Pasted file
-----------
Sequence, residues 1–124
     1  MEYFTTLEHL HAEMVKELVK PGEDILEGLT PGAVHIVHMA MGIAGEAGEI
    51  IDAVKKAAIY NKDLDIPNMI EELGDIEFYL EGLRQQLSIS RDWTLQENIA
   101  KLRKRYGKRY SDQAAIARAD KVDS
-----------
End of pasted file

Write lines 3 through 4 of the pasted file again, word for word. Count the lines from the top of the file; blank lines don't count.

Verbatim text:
    51  IDAVKKAAIY NKDLDIPNMI EELGDIEFYL EGLRQQLSIS RDWTLQENIA
   101  KLRKRYGKRY SDQAAIARAD KVDS